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UBC Theses and Dissertations

Distance problems and points on curves : an algebraic approach Schwartz, Ryan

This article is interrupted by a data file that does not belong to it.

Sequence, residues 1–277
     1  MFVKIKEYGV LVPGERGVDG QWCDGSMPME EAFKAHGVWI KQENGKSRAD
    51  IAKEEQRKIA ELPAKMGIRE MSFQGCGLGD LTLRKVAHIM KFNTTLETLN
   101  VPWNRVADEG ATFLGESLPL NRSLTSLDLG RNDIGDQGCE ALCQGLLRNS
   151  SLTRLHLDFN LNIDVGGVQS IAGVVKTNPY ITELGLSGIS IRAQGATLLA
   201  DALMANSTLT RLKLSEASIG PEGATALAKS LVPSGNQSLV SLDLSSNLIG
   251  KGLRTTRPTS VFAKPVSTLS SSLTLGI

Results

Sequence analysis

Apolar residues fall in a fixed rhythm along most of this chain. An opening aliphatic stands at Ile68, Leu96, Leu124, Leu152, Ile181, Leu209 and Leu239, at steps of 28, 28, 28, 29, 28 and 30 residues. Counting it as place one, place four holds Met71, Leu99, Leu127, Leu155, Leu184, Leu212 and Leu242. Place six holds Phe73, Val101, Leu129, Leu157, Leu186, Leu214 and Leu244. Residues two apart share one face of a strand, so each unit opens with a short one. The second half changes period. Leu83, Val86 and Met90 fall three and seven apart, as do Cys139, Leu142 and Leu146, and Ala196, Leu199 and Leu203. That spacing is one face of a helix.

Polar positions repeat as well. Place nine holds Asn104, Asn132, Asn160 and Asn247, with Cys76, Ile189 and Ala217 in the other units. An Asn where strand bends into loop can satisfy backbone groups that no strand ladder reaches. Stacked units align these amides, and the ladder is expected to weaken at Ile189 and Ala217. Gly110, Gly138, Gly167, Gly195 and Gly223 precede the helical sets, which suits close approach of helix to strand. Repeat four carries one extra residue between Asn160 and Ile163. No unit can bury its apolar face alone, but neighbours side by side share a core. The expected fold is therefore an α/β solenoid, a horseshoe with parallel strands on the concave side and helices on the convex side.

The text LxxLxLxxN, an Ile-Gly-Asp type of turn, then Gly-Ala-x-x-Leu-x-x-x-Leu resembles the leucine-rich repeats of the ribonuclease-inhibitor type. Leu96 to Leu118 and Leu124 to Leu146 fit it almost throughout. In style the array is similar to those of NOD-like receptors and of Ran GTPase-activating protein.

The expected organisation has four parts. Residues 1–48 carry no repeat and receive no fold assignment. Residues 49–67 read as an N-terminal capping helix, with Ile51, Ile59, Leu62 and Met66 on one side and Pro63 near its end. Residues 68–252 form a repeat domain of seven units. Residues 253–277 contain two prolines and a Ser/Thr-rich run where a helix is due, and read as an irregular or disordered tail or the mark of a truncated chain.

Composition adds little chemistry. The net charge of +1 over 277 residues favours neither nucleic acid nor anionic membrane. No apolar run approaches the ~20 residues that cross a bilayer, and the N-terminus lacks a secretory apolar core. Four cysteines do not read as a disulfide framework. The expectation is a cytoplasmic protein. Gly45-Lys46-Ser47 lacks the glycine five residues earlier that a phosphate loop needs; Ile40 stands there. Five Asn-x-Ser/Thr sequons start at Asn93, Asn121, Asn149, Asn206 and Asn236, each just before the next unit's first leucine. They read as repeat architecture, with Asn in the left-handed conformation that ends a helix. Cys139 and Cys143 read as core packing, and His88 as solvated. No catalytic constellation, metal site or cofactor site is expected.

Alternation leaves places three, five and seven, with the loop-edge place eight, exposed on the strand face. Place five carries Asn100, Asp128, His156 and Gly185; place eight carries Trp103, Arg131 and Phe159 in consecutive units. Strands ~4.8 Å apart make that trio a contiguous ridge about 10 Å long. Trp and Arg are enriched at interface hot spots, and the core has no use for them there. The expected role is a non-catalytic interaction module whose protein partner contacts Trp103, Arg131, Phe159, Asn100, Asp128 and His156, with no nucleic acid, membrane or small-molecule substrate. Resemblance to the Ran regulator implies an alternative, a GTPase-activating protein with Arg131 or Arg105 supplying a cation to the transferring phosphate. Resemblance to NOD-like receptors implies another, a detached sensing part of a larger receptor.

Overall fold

In this thesis we give results on unit and rational distances, structure results for surfaces containing many points of a cartesian product and a survey of various, mainly combinatorial, applications of the Subspace Theorem. We take an algebraic approach to most of the problems and use techniques from commutative algebra, incidence geometry, number theory and graph theory. In Chapter 2 we give extensions of a result of Elekes and Rónyai that says that if the graph of a real (or complex) polynomial contains many points of a cartesian product then the polynomial has a special additive or multiplicative form. We extend this to asymmetric cartesian products and to higher dimensions. Elekes and Rónyai’s result was used to prove a conjecture of Purdy on the number of distinct distances between two collinear point sets in the plane. Our extensions give improved bounds for the conjecture. In Chapter 3 we prove a special case of the Erdős unit distance problem. This problem asks for the maximum possible number of unit distances between n points in the plane in the form of an asymptotic upper bound. We provide an upper bound of n^(1+7/sqrt(log(n))) when we only consider unit distances corresponding to roots of unity and give a superlinear lower bound. We also consider related rational distance problems. We require an algebraic result of Mann on the number of solutions of linear equations of roots of unity. In Chapter 4 we extend our result from the previous chapter to unit distances coming from a multiplicative subgroup of ℂ^* of “low” rank. We use a corollary of the Subspace Theorem. In this case we get, for ε > 0, at most cn^(1+ε) unit distances. We show that the well known lower bound construction of Erdős for the general unit distance problem consists of distances from such a subgroup and so our result applies to the best known maximal unit distance sets. In Chapter 5 we give a survey of various applications of the Subspace Theorem including less well known combinatorial applications such as sum-product estimates and line configurations with few distinct intersections.

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